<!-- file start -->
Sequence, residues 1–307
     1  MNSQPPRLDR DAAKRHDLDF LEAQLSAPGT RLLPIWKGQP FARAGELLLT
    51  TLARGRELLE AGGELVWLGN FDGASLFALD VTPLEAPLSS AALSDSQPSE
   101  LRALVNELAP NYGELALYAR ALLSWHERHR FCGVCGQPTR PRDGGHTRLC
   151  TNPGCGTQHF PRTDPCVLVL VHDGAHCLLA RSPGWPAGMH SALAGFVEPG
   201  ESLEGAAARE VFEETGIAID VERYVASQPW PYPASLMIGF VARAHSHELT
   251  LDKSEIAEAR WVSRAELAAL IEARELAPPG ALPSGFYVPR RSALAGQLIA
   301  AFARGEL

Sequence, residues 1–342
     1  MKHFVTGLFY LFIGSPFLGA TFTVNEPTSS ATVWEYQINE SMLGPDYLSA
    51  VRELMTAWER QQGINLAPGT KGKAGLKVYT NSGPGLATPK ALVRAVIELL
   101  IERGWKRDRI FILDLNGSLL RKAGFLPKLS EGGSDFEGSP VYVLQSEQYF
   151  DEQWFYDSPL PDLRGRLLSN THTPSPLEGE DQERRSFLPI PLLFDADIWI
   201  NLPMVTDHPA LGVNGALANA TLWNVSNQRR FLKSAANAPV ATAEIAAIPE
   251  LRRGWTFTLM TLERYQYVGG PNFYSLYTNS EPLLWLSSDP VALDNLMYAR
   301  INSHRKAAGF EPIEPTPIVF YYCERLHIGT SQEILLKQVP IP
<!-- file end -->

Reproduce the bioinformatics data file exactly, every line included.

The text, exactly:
Sequence, residues 1–307
     1  MNSQPPRLDR DAAKRHDLDF LEAQLSAPGT RLLPIWKGQP FARAGELLLT
    51  TLARGRELLE AGGELVWLGN FDGASLFALD VTPLEAPLSS AALSDSQPSE
   101  LRALVNELAP NYGELALYAR ALLSWHERHR FCGVCGQPTR PRDGGHTRLC
   151  TNPGCGTQHF PRTDPCVLVL VHDGAHCLLA RSPGWPAGMH SALAGFVEPG
   201  ESLEGAAARE VFEETGIAID VERYVASQPW PYPASLMIGF VARAHSHELT
   251  LDKSEIAEAR WVSRAELAAL IEARELAPPG ALPSGFYVPR RSALAGQLIA
   301  AFARGEL

Sequence, residues 1–342
     1  MKHFVTGLFY LFIGSPFLGA TFTVNEPTSS ATVWEYQINE SMLGPDYLSA
    51  VRELMTAWER QQGINLAPGT KGKAGLKVYT NSGPGLATPK ALVRAVIELL
   101  IERGWKRDRI FILDLNGSLL RKAGFLPKLS EGGSDFEGSP VYVLQSEQYF
   151  DEQWFYDSPL PDLRGRLLSN THTPSPLEGE DQERRSFLPI PLLFDADIWI
   201  NLPMVTDHPA LGVNGALANA TLWNVSNQRR FLKSAANAPV ATAEIAAIPE
   251  LRRGWTFTLM TLERYQYVGG PNFYSLYTNS EPLLWLSSDP VALDNLMYAR
   301  INSHRKAAGF EPIEPTPIVF YYCERLHIGT SQEILLKQVP IP